Pittsburgh has unfunded pension liabilities totaling $718 million. Those liabilities are a black hole that will continue to grow unless the structural issues are addressed.
Sadly, Pittsburgh agreed to put off addressing the real issues and instead floated a 30-year bond.
Please consider Pittsburgh Deal to Fund City Pensions Put in Park
Pittsburgh’s city council nixed a deal this week to lease its parking assets to a consortium led by J.P. Morgan Chase & Co. Instead, the council is proposing that the city’s parking authority issue a 30-year bond and pay it off with parking-rate increases. Part of the proceeds would go to the pension plan.
Mayor Luke Ravenstahl said Friday that he was opposed to that proposal. The city pension plan, which had an unfunded liability of $718 million as of August, could fall into state hands without additional funding.
J.P. Morgan Asset Management and LAZ Parking offered the city $452 million to operate garages, lots and 7,000 metered street spaces for 50 years.
, who runs J.P. Morgan’s infrastructure-investments group, said the consortium might amend its offer. “Clearly, we were disappointed,” he said. “But we believe it’s still a viable option.”
Anyone who proposes a 50-year deal that does not address underlying structural needs is a fool or a charlatan.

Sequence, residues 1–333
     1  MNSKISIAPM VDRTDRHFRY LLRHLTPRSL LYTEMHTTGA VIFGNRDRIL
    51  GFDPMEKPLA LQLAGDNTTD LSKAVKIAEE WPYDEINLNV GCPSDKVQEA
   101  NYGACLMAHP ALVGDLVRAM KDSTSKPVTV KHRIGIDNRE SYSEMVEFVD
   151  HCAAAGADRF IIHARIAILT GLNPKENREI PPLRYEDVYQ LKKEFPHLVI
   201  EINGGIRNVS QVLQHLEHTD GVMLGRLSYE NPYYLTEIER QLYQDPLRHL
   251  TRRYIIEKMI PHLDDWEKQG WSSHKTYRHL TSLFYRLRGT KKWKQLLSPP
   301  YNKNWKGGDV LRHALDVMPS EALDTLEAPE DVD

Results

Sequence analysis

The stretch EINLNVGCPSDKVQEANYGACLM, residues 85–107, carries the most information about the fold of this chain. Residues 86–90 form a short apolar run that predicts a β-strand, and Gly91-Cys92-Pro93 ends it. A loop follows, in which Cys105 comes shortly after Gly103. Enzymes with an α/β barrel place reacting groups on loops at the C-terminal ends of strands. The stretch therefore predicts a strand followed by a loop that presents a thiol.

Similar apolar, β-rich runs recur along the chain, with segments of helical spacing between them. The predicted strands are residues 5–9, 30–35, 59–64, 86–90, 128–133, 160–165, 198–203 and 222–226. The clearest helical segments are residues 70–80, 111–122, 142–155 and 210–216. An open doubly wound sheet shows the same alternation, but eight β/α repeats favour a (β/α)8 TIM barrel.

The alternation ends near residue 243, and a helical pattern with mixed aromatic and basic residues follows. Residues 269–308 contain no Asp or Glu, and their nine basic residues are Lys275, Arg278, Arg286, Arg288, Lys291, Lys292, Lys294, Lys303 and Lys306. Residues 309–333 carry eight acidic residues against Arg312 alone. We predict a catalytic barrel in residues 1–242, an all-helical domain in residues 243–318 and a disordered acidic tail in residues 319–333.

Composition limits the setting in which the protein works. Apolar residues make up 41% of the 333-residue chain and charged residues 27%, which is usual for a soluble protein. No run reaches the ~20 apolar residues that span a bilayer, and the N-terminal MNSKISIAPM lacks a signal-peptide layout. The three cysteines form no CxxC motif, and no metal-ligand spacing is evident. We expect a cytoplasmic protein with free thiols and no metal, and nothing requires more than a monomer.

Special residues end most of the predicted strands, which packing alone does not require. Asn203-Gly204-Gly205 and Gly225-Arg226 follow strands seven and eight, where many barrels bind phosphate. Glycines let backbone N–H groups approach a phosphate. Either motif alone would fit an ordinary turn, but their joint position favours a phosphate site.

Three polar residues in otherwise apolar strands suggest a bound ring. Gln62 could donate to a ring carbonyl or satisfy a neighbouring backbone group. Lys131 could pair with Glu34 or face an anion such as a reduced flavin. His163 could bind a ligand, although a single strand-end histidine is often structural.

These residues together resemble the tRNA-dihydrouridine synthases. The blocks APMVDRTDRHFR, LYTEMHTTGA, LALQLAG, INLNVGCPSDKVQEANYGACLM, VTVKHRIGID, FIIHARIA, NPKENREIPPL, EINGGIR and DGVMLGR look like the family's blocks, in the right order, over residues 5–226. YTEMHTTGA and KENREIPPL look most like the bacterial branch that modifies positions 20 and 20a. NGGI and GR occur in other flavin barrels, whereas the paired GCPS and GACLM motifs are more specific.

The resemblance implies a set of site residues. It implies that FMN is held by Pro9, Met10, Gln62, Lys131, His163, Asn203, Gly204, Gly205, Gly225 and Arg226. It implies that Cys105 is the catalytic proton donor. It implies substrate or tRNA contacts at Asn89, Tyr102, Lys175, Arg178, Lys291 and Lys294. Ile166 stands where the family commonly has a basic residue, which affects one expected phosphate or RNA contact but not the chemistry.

Thus, Mark Weisdorf is no friend of Pittsburgh. Instead he is looking out for the best interest of JP Morgan.
However, the same thing can be said about the nonviable solution Pittsburgh came up with. Floating 30-year bonds to fund liabilities without addressing the root cause of the liabilities is just as stupid, if not more stupid.
I have seen no discussion of the real issue: The pension plan of Pittsburgh is not sustainable, nor are public union wages and services.
Pittsburgh is bankrupt, as are many cities in the nation. It is foolish to enter into 30-year or 50-year deals to stave off the inevitable.
Neither the JP Morgan solution nor the action taken by the city council is viable. Pittsburgh kicked the can down a 30-year road, at taxpayer expense, in an asinine attempt to keep the ball in play. The decision cannot and will not work.
The correct decision was to admit bankruptcy of the plan and address the structural issues of untenable union wages and benefits.
Mike “Mish” Shedlock
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